Hoe het nest van een Kruisbek Loxia curvirostra te vinden
Drentse vogels , Volume 7 - Issue 1 p. 47- 58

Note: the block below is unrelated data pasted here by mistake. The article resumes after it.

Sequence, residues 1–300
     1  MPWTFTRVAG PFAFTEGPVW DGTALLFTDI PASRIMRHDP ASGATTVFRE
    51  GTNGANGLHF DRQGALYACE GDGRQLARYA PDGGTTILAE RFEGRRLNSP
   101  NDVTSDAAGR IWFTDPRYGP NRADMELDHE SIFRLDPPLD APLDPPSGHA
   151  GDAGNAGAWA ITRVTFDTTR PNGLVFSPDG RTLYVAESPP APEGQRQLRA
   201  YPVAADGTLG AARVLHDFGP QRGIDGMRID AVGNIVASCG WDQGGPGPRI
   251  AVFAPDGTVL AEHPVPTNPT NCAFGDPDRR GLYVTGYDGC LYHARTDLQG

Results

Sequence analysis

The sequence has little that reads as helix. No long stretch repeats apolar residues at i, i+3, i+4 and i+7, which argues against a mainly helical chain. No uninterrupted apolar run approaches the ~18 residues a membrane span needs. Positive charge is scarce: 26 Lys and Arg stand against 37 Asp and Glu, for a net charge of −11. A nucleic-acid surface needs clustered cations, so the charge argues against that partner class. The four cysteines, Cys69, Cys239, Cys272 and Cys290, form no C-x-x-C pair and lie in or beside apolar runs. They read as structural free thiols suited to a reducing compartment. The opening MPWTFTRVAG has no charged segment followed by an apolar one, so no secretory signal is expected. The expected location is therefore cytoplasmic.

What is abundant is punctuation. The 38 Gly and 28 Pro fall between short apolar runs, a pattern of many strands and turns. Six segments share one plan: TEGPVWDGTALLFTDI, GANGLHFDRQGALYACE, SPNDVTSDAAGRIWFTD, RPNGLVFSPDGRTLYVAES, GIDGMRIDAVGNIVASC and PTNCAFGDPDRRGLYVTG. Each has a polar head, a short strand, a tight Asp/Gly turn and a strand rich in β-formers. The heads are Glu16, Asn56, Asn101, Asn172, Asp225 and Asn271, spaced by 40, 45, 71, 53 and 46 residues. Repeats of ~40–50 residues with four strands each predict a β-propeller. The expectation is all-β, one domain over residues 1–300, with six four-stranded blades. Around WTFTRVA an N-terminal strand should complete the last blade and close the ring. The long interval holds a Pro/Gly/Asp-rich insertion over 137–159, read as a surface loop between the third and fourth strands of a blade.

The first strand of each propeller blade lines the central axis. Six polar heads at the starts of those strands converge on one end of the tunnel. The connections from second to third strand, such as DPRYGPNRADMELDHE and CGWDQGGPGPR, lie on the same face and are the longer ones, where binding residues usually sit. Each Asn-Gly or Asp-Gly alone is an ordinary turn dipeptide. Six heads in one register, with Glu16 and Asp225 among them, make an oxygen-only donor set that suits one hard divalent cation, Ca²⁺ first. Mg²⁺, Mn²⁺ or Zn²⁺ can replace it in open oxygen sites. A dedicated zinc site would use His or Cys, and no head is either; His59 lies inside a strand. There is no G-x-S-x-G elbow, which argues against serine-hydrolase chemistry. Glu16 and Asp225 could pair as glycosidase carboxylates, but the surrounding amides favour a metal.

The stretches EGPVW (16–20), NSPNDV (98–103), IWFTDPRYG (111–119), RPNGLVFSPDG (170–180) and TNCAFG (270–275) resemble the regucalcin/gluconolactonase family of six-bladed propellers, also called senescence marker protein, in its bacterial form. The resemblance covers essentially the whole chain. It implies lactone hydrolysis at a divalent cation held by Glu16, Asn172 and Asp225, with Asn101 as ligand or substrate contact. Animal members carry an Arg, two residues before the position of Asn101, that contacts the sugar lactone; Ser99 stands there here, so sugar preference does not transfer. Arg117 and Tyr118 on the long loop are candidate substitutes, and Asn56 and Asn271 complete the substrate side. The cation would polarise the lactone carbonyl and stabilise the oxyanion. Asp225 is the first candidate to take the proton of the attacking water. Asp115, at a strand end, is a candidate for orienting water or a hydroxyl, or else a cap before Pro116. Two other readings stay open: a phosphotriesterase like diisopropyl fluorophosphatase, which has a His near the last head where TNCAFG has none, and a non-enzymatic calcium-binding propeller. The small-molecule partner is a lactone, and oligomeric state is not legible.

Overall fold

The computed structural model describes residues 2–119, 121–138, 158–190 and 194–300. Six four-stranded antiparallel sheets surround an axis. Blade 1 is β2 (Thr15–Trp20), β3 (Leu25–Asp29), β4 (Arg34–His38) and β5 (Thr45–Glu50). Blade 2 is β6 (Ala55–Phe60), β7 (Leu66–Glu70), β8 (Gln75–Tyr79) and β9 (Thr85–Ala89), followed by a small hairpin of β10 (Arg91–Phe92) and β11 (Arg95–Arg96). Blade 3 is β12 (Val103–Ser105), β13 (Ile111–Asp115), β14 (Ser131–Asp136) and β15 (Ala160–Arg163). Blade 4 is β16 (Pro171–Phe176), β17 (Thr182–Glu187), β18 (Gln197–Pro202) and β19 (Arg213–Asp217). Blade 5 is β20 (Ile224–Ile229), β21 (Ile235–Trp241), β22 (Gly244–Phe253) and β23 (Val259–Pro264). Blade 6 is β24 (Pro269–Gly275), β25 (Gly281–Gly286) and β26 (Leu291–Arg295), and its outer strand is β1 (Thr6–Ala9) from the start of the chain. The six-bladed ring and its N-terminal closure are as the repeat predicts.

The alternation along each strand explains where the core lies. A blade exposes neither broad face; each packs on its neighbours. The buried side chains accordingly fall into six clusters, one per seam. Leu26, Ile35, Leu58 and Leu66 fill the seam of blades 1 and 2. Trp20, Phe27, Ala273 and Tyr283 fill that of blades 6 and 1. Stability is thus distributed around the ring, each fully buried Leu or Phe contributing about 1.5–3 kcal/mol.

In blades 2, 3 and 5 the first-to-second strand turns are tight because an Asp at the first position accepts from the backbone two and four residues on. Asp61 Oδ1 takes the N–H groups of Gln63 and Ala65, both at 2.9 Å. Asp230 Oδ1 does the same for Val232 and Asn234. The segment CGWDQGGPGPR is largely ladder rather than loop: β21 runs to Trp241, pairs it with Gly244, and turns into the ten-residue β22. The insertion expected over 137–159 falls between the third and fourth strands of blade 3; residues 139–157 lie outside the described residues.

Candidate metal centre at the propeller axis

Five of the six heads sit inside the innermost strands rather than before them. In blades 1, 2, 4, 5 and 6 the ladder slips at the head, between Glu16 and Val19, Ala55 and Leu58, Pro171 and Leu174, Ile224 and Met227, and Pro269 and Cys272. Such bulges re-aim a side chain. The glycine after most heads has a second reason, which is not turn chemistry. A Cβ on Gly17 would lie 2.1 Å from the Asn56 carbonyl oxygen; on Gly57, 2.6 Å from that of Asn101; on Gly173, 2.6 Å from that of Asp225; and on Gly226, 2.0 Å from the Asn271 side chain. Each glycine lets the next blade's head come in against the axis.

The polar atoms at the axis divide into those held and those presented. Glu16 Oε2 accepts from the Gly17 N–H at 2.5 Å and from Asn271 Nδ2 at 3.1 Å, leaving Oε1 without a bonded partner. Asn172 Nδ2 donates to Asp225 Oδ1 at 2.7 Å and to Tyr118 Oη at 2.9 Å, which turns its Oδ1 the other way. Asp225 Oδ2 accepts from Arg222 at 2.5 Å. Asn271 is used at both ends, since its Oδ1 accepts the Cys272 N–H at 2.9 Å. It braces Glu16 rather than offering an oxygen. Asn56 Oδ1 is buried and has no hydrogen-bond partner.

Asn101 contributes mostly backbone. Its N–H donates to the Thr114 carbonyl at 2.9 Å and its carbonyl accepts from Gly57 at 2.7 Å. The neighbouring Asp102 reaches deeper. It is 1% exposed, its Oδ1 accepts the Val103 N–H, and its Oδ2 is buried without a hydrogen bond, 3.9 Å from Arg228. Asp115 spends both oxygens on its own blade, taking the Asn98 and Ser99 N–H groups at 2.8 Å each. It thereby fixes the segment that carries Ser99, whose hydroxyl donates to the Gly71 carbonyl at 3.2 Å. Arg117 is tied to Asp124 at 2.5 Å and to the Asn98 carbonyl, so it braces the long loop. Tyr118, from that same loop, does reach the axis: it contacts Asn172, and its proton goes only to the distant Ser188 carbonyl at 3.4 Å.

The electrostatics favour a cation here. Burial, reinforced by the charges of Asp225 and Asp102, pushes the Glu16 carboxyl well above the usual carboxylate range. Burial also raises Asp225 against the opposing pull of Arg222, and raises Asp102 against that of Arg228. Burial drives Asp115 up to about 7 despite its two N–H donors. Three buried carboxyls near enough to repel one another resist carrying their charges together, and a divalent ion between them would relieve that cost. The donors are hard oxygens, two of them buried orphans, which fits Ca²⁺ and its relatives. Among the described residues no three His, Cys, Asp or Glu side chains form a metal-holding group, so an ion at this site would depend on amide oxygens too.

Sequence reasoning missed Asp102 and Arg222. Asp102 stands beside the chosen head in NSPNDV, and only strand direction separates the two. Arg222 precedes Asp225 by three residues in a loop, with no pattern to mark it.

To find a Crossbill nest, it is necessary to be aware of timing and meaning of activities which lead to pair formation, occupation of a territory and nest building (Table 1). Timing of the breeding season varies from year to year, with a tendency in The Netherlands of starting later since 1984 (Bijlsma et al. 1988; Table 1). Flocks disintegrate in February and early March (Fig. 1, based on observations in years following large irruptions, i.e. 1991 and 1994). Pairs settle in semi-colonial groups in the vicinity of feeding areas and water, Full song can be heard throughout the year, but intensifies in February and early March. At that time of the year, it can be used for mapping purposes. Pair formation takes place within the flocks and is typically accompanied by pursuit flights (male chases female). As soon as pairs have settled, males guard their mate against strange males (rather than defending a territory) and the frequency of antagonistic interactions increases, probably to prevent extra-pair copulations. Nearest-neighbour distances can be quite small (less than 30-50 m in years with a high density). Courtship-feeding and copulations precede and overlap with the period of nestbuilding and both activities indicate the presence of a nearby nest. Copulations are seldom witnessed, presumably because they take place very quickly. A helpful indication to find a nest site is a male in the top of a tree, giving his warbling song, interspersed with soft ’tuktuk’ alarm calls. Alarm calling sometimes intensifies if the bird is approached. It is a soft, but nevertheless rather far-carrying song which can be heard over distances of up to 100 m (in quiet weather, but very difficult to hear during adverse weather conditions). These males are accompanying their females during nest-building. Waiting in the vicinity of warbling males is the best method of finding nests, because he follows his mate to and from the nest. Nestbuiding normally occurs in early morning, but short bursts of building can occur at any time during daylight hours. Nest-building takes 5-15 days, and is sometimes interrupted for a few days. Female Crossbills do most, if not all, of the building, including the choice of nest site. The latter can take a while and many spots are tested before a choice is made. Even so, the site can be abandoned after a few days and building resumed elsewhere. Females will fly up to 150 m to collect nesting material, but usually stick to trees within 60 m of the nest site. Females are willing to fly longer distances to collect material for the lining of the nest (Fig. 2), which should be kept in mind when searching for nests. Five females at Berkenheuvel flew on average 57 m to collect nesting material (109 flights, SD=35.6, range = 10-150 m, median distance 50 m), but showed striking individual differences. During egg laying, females are hard to detect and males subdue their vocalisations. When feeding its mate (by male) or the nestlings (usually both parents together), the nest is approached indirectly. The bird(s) land in nearby trees and start giving the contact call (resembling alarm call) which is subdued before visiting the nest. Feeding itself is of short duration. The begging calls can be heard from the ground (and consequently, the nest can be located). Parents eat the faeces of nestlings, but progressively less so with advancing age of the young. After ten days, the young start defecating on the nest rim. These droppings are visible from the ground. A pile of faeces can be found underneath the nest on branches or the ground, indicating successful fledging. Foraging flights of parents can be used to trace the nest, especially when following birds with a full crop. This method is not profitable with long-distance feeding flights (over 100 m) because of logistic problems of following fast flying birds in difficult terrain and low frequency of visiting nests with food (once per hour or less). Cold searching for nests is especially worthwhile in pine and larch forests, but very difficult in forests of fir and spruce. An indication of the location of the nest is necessary before cold searching is adopted.
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